Most religious 'nones' say questioning religious teachings is an important reason they are unaffiliated

Yet and still, these are the exact same reasons why I am resolute in my faith.

I wanted the same type of God as mentioned and realized early on that the God every 50+ year old at my home church was worshiping, while yes, is the same in principle, is different in experience.

How I experience God is unique to me and is not something I learned in a song or heard in a sermon one Sunday morning; It is something that I developed over time. Most millennials do not know what that means and even if they did, they do not take the time to cultivate such an experience.

Last week for example, my sister and I sat together to watch the live stream of our church. What used to be a dynamic worship experience has been reduced to consumption through a screen.

At the end of the sermon, I walked away spiritually fulfilled, and excited to apply the lessons learned to my life. My sister on the other hand, was unimpressed, missing the performance she used to associate with the worship experience. Millennials want God but do not know how to get Him.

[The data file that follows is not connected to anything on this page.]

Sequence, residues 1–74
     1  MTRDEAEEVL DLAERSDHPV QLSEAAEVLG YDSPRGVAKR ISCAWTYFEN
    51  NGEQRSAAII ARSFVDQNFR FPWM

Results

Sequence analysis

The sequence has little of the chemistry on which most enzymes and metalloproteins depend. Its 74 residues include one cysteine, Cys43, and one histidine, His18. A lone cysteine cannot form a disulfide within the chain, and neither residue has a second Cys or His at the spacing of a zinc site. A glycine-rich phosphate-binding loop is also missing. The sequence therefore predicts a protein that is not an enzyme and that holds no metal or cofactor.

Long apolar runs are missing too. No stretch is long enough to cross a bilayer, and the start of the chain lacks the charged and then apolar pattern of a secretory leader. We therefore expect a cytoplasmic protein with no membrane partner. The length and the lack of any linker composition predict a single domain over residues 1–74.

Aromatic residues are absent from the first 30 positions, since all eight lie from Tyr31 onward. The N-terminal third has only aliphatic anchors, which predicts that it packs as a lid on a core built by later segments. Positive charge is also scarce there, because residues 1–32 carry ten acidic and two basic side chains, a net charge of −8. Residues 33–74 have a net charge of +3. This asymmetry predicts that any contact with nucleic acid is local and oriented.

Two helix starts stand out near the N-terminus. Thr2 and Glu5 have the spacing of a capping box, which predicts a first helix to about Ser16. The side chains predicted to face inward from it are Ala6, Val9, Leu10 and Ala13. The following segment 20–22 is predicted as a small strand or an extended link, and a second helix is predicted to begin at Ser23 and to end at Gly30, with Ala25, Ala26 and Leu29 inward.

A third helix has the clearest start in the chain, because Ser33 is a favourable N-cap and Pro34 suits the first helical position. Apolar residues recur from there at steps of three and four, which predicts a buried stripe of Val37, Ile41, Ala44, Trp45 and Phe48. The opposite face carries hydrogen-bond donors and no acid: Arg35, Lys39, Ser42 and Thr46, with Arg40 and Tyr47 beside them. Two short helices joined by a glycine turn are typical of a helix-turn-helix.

Because of diminished faith practices in the household and a nonexistent desire to learn for ourselves, millennials are perpetuating and exacerbating the trend of increasingly areligious generations. Religious leaders have a tall task ahead of them if they ever want to bring my generation back into the fold.

I would suggest however, if they do not find away to do so, churches will be empty again soon after they have reopened their doors, and that should be the least of their worries.

Join the conversation and share your perspective in the comment section below!


Written by Kenneth

I was at the end of my ropes and I had no money in the bank. At the time, I was both a full time graduate student, and beginning what would become my entrepreneurial Journey